All above aside, there may be some relief in site because the now-debauched fracking industry behemoths like Halliburton and Baker Hughes are working on “green fracking” formulations, but this is yet to stand the test of a newly awakened populace to the risks inherent in massively pressuring sand, water, and chemicals into very tight formations deep within mother earth, possibly prompting earthquakes as experienced in both Ohio and Oklahoma, and possibly releasing radioactive material picked up from deep within the earth in wastewater from fracking, appearing downstream in drinking water supplies, as reported by the New York Times in early 2011.
Fracking is the energy industry’s new holy grail, the answer to energy independence, cleaner energy locked into humongous formations deep within the earth under states like Ohio, Pennsylvania, New York, North Dakota and twenty others. However, one mistake, one miscalculation, as tens of thousands of drill bits explore one, two, three miles underground, setting off powerful explosions of water, sand and chemicals to loosen tight rock formations to release oil and gas, and massive contamination of chemicals into the wrong channel may result in the poisoning of the nation’s precious water aquifers. This has already happened in Wyoming where the residents of Pavilion, Wyoming have been warned by the EPA to use ventilation when showering in order to air out potentially dangerous chemicals, and to drink and cook from bottled water. In December 2011, the Environmental Protection Agency announced detection of gas-fracking chemicals in a drinking-water aquifer in west-central Wyoming (one has to wonder how close this is to Dick Cheney’s Wyoming residence?) Imagine, for a moment, yourself as a resident of Pavilion. What would you do? More alarming yet, the fracking industry is growing like a weed ever since the Bush administration exempted fracking from regulations under the U.S. Clean Water Act in 2005, the fastest segment, at 50% per annum growth, in the energy industry.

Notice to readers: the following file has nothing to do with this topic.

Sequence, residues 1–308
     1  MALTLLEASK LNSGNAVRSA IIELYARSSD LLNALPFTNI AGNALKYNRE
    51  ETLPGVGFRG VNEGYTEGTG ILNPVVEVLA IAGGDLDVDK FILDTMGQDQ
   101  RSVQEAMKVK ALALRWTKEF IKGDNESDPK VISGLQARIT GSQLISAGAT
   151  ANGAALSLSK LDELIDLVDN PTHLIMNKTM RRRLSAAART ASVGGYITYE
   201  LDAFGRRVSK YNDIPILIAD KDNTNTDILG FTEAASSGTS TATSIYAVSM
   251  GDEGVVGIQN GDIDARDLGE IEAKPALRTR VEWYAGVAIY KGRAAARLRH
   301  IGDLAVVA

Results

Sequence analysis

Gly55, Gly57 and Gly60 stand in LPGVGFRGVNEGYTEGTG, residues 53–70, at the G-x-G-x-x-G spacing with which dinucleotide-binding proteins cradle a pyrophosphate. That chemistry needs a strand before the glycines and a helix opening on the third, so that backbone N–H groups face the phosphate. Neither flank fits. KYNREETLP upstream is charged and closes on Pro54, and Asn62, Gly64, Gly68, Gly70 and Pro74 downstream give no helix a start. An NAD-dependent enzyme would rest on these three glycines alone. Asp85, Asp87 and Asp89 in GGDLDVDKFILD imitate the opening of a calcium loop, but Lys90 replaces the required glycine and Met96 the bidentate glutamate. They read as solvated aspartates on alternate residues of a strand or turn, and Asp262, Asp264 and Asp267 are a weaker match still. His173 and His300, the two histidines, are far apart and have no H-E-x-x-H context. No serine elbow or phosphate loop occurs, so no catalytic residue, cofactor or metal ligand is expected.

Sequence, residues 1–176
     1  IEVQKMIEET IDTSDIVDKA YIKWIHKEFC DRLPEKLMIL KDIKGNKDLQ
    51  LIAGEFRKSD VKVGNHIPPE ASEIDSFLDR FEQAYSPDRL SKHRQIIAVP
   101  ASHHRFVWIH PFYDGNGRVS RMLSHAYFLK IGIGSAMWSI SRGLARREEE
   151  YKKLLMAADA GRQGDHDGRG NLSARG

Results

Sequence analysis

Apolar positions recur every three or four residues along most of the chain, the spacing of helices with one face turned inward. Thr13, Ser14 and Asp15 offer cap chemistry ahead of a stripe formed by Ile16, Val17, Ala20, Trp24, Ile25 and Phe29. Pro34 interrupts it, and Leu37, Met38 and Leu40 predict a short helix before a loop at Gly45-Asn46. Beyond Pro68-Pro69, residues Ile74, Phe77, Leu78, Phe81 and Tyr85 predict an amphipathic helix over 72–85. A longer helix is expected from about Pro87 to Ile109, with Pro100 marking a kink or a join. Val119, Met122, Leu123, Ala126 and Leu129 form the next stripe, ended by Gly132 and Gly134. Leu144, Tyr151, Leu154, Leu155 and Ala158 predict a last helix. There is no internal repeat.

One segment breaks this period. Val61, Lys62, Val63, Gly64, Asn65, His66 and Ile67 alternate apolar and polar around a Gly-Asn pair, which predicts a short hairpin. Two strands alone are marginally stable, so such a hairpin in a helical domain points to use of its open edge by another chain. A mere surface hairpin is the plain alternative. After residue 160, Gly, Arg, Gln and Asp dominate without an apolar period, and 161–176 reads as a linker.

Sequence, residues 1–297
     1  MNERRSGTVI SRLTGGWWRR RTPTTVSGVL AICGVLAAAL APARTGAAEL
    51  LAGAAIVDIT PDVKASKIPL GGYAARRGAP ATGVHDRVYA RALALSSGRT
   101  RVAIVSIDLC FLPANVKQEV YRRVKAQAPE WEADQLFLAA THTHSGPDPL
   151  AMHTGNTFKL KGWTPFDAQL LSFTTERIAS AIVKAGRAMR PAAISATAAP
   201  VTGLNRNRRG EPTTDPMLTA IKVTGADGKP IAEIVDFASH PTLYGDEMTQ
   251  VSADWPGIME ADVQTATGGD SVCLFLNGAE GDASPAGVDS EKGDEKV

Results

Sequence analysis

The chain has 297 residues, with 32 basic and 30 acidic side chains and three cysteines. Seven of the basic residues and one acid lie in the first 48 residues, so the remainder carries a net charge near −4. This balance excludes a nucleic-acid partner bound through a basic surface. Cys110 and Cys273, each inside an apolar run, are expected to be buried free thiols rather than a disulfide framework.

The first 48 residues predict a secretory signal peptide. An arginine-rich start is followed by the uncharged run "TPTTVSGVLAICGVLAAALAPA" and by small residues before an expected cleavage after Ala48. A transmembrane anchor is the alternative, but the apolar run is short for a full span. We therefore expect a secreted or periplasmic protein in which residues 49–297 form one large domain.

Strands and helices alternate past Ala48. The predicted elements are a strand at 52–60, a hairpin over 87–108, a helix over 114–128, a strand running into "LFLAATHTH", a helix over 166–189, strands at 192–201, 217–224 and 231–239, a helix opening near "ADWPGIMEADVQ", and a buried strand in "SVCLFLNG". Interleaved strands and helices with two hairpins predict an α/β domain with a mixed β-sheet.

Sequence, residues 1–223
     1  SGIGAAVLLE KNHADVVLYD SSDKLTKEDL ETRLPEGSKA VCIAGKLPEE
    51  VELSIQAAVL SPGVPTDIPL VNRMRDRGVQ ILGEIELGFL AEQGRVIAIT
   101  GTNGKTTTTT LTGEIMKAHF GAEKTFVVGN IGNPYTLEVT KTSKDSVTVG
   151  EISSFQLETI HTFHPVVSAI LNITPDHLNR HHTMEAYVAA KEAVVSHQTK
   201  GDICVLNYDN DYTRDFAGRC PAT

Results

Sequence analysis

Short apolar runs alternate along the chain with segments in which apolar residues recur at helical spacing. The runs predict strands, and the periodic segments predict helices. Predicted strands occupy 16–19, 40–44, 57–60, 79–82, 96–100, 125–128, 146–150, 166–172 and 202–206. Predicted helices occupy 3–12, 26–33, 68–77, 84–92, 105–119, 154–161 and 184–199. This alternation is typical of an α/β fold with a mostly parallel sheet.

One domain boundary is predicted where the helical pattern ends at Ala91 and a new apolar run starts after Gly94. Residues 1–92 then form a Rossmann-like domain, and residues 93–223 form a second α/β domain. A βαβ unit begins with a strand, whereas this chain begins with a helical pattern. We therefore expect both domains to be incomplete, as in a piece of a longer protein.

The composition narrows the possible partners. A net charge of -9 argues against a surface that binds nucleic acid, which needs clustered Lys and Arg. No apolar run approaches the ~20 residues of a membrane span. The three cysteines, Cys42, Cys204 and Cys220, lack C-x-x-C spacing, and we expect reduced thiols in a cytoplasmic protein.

Now, granted there is no way one poisoned aquifer in a remote area of west-central Wyoming will stop fracking, but consider the following: fracking is a discordant industry with numerous competitors at each other’s throats, vying for land positions and protective of their secret chemical formulas in order to best their competitors in the prodigiously disruptive release (maybe the cause of earthquakes in Ohio and in Oklahoma) of deep underground energy locked in extraordinarily tight formations. And, it is precisely because of the brutal competitive nature of the industry that risks are heightened, greatly heightened, replete with hundreds and thousands of individual testimonials (actual testimonials about drinking water issues) of spoiled or poisoned or unusable drinking water where fracking operations are close by, but these individual complaints have no recourse because, you see, the fracking companies, like Haliburton, have managed to legally protect the identities of the chemicals they utilize in individual wells, as trade secrets.
So, there is no way for a governmental regulatory agency or an individual property owner to match the poisonous chemicals in water with the perpetrator. Only recently has the EPA finally figured this out, example: Pavilion, Wyoming. Nevertheless, from Pennsylvania-to-Montana-to Texas the number of legal settlements between landowners with poisoned water and the energy fracking companies is immeasurable, each case involving a monetary settlement for the harmed party (who usually no longer has potable water, e.g., according to the February 12th edition of the Montreal Gazette, federal regulators are considering trucking fresh water to Dimock, Pennsylvania after city residents supplied the EPA hundreds of pages of data linking water contamination in the city to fracking) and an agreement that the legal documents are to be sealed, not available to the public. Case closed! How in hell’s creation did we, as a nation, allow this concoction to come about?
As of today, the fracking story, good and bad, is well oiled, exposed in an Oscar-nominated documentary Gasland, covered by every eco-conscious magazine and web site on the planet, and critiqued by major mainstream news, 60 Minutes, the New York Times, and the butt end of jokes on Letterman, but/and it remains a very popular solution to our country’s energy needs, supported by President Obama, although he is proposing new regulatory controls and trumpeted by the energy industry, e.g., Aubrey McClendon, CEO of Chesapeake Energy Corp. claims water contamination in northeast Pennsylvania is due to the region’s “very unusual surface geology,” not seen elsewhere in the country, and David P. Poole, Sr. VP and General Counsel for Range Resources Corp. said, “it is physically impossible for you to frack a Marcellus well… and have any impact on groundwater.”. If only NASA had such no risk tolerance assurances, we’d never have to worry about losing a space shot! According to Texas Governor Rick Perry, when confronted on the campaign trail about fracking problems: “We have been using hydraulic fracturing in my home state for years and this is a fear tactic that the left is using and the environmental community is using that absolutely, excuse the pun, does not hold water.”